Table 1

Antibody prevalence to rift valley fever phlebovirus or Crimean-Congo hemorrhagic fever orthonairovirus among pygmies in the East region of Cameroon

Age range (years)

Sex ratio (M/F)

Average age ± SD

Number of positive samples for the specified population/no. tested (%)a

Total

  

Abong Mbang

Lomié

Messok

Mindourou

 

Rift Valley Fever Phlebovirus (RVFV)

≤20

0.3

17.3 ± 3.7

0

0/1

0/3

0/8

0/12

21–40

2.0

32.9 ± 5.4

0/2

0/13

0/4

7/32 (21.9)

7/51 (13.7)

41–60

1.5

50.5 ± 5.5

0/4

2/12 (16.7)

0/2

5/31 (16.1)

7/49 (14.3)

61–80

1.5

69.2 ± 5.4

0/2

0/4

1/2 (50.0)

2/17 (11.8)

3/25 (12.0)

Total

1.4

44.4 ± 16.4

0/8

2/30 (6.7)

1/11 (9.1)

14/88 (15.9)

17/137 (12.4)

Crimean-Congo Hemorrhagic Fever Orthonairovirus (CCHFV)

≤20

0.3

17.3 ± 3.7

0

0/1

0/3

0/8

0/12

21–40

2.0

32.9 ± 5.4

1/2 (50.0)

0/13

0/4

0/32 b

1/51 (2.0)

41–60

1.5

50.5 ± 5.5

1/4 (25.0)

1/12 (8.3)

0/2

3/31 (9.7)

5/49 (10.2)

61–80

1.5

69.2 ± 5.4

0/2

0/4

0/2

0/17b

0/25

Total

1.4

44.4 ± 16.4

2/8 (25.0)

1/30 (3.3)

0/11

3/88 (3.4)

6/137 (4.4)

RVFV rift valley fever phlebovirus, CCHFV Crimean-Congo hemorrhagic fever orthonairovirus

aThere was no significant difference between the rates of RVFV Ig G in the four studied districts (P > 0.05) while the rate of CCHFV Ig G was relatively higher in Abong Mbang compared to other studied districts (P = 0.004)

bCCHFV assay showed indeterminate result for a 35 years old woman and a 65 years old man originating from the district of Mindourou

Whole blood was collected in a 5-mL EDTA Vacutainer tube and centrifuged within 24 h of collection. Informed consent was obtained from adults (or from parents/legal guardians in the case of children under 21) before blood sampling. Furthermore, the participants of the study underwent a non-specific medical examination and, if necessary, were treated on site according to local procedures or were sent to local medical facilities. Enzyme-linked Immunosorbent Assays (ELISA) were used to detect RVFV and CCHFV IgG antibodies respectively in plasma samples as previously described [10, 11]. For each plate, high positive control [mean Optical Density (OD) at about 1.6] was tested in quadruplicates while the low positive control (mean OD at about 0.3) and negative control were tested in duplicates. Each serum was tested in two wells where the antigen-free cell culture supernatant (from the cell control of antigen production) was added and in other two wells where the specific antigen was added. The specific reactivity of each serum (net OD) was determined by subtracting the OD of the sample in the wells where the antigen-free supernatant was added from the OD of the same sample obtained in the wells where the specific antigen was added. The mean net OD was calculated for the quadruplicates of the high positive control serum [(OD1 + OD2 + OD3 + OD4)/4] and the reactivity of each serum specimen was calculated as percentage positivity (PP) of the high positive control serum (PP serum = 100*net OD serum/mean net OD of the high positive control). Sera with PP values > 28.98 were considered positive for RVFV-specific IgG serology assay [10, 12]. Sera with PP values > 8.5 (cut-off value equal to mean plus 2 standard deviations derived from PP values in negative sera tested in duplicates in four separate experiments) were considered positive for CCHFV-specific IgG serology assay [11].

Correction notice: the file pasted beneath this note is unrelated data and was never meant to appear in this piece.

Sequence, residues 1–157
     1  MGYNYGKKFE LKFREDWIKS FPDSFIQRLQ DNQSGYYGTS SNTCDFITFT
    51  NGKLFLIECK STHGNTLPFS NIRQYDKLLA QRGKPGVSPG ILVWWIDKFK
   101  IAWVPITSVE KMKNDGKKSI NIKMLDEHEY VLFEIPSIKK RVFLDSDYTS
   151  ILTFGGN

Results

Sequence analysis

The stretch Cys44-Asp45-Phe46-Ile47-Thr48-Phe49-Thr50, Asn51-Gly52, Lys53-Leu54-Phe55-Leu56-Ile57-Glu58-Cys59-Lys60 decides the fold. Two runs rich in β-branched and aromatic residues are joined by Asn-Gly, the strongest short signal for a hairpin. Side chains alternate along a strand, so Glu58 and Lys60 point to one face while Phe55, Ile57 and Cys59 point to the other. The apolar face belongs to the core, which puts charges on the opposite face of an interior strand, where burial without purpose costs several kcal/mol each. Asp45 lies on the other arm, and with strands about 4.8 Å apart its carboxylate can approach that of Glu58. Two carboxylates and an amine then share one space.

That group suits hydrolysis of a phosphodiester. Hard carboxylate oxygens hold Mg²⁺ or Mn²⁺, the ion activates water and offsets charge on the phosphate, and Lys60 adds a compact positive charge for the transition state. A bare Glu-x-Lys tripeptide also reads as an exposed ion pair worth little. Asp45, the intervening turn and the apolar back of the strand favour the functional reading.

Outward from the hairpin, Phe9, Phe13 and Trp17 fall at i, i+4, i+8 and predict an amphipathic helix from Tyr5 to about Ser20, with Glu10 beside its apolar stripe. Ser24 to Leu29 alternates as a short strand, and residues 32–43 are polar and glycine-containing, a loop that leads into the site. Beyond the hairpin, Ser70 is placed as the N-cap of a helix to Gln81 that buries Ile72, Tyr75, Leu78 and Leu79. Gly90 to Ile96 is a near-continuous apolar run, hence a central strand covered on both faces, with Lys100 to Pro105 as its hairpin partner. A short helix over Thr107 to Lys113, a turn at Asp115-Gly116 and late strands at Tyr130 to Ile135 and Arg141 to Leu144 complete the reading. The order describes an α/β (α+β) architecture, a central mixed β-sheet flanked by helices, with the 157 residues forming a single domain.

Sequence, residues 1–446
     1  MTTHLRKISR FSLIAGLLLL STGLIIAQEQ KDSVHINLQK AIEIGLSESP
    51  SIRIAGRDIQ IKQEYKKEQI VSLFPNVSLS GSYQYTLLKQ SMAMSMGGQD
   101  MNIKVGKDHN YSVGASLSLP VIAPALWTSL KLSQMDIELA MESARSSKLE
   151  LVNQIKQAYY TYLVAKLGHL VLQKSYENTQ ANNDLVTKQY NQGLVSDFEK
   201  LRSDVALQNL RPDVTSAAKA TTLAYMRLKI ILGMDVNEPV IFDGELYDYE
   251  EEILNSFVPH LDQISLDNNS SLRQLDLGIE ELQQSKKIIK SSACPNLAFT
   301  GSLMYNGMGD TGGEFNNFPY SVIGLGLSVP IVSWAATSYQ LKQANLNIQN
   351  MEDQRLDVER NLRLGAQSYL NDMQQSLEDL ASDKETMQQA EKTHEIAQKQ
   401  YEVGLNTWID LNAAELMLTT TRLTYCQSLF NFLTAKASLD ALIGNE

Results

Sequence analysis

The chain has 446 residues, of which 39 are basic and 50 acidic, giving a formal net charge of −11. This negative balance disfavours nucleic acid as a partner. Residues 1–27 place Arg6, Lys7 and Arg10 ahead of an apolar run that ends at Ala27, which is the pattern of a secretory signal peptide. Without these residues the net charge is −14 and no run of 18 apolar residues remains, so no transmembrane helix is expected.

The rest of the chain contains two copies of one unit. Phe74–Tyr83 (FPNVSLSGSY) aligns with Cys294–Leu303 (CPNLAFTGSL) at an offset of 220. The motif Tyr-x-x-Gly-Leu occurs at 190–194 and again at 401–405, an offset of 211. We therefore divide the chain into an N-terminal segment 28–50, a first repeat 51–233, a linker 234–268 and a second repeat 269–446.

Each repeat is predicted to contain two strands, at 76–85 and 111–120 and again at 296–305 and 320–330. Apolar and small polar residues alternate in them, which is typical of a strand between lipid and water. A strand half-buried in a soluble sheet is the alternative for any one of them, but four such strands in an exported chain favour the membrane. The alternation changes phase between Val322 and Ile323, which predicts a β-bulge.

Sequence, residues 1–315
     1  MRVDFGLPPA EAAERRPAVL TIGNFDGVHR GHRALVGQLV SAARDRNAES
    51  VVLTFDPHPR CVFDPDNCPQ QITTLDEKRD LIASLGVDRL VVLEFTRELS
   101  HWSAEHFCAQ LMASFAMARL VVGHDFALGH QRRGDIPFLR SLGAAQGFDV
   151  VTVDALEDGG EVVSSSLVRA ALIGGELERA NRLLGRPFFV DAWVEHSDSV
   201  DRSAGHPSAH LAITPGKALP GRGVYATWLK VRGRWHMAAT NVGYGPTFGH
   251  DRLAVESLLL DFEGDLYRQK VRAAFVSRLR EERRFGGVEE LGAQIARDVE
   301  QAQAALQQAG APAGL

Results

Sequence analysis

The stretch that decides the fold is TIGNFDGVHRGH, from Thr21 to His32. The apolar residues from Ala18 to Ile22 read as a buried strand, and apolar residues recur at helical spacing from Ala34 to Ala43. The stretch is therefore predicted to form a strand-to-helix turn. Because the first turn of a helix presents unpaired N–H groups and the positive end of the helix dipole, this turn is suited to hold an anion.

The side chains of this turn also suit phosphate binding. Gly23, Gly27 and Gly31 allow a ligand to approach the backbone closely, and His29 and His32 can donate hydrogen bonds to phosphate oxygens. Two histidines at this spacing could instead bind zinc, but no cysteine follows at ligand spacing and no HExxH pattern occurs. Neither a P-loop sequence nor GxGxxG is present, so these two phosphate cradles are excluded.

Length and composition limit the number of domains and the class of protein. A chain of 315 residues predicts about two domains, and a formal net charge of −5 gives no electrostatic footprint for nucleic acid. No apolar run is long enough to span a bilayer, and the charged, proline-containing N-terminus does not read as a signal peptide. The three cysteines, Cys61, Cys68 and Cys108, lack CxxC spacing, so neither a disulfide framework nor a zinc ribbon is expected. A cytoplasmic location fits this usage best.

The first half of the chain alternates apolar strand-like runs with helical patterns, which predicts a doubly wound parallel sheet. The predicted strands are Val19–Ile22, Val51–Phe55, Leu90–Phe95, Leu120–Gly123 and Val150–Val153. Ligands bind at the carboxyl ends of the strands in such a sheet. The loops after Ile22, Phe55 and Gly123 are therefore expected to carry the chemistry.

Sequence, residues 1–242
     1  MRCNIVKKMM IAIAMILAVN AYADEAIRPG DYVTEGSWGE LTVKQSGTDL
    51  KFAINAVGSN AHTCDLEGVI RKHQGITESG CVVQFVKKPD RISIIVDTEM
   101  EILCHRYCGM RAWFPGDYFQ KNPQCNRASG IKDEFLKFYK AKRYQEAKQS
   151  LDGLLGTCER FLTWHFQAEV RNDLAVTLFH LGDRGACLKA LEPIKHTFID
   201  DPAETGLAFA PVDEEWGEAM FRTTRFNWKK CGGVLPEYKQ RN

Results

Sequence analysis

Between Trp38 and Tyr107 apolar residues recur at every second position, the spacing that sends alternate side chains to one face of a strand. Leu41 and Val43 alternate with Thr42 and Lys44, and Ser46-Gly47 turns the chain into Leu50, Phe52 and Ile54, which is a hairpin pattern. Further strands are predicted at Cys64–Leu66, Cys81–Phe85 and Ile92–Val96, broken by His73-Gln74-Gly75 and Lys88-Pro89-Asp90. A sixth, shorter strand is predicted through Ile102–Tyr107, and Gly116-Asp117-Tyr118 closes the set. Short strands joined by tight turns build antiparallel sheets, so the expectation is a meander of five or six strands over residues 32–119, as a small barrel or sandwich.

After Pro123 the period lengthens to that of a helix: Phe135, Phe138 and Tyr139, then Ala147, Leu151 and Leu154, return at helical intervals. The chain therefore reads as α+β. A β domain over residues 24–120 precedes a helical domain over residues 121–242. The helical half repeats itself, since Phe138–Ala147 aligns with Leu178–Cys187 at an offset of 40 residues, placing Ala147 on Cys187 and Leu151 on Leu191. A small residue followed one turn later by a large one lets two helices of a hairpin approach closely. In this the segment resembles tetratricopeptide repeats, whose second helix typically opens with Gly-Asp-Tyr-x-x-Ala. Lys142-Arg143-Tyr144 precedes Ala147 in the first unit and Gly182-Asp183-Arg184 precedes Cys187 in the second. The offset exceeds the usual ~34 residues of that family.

Statistical analyzes were performed using the R software version 3.4.1. Categorical variables were described as numbers and percentages. Association between RVFV and CCHFV prevalence and other variables was assessed through Chi-2 or Fischer tests as appropriate. The threshold of significance of the p-values was set at 0.05.

Results

Of the 137 plasma samples tested in this study, 17/137 (12.4%) and 6/137 (4.4%) were reactive to RVFV and CCHFV, respectively. There was no significant difference between the rates of RVFV IgG in the four studied districts (p > 0.05). In contrast, the rate of CCHF IgG was relatively higher in Abong Mbang compared to other studied districts (p = 0.004) (Table 1). Exposure to both viruses was found for only two individuals: a 47 and a 55 years old men originating from the districts of Lomié and Mindourou, respectively (Table 1). There was no significant difference between the rates of RVFV IgG obtained in the four studied age groups or between the male and female participants (p > 0.05). Conversely, the rate of CCHFV IgG was significantly higher among the 41–60 years old participants (p = 0.02). Interestingly, all six CCHFV IgG positive participants were males between 40 to 60 years old while the seventeen RVFV IgG positive participants were 28 to 75 years old.

Discussion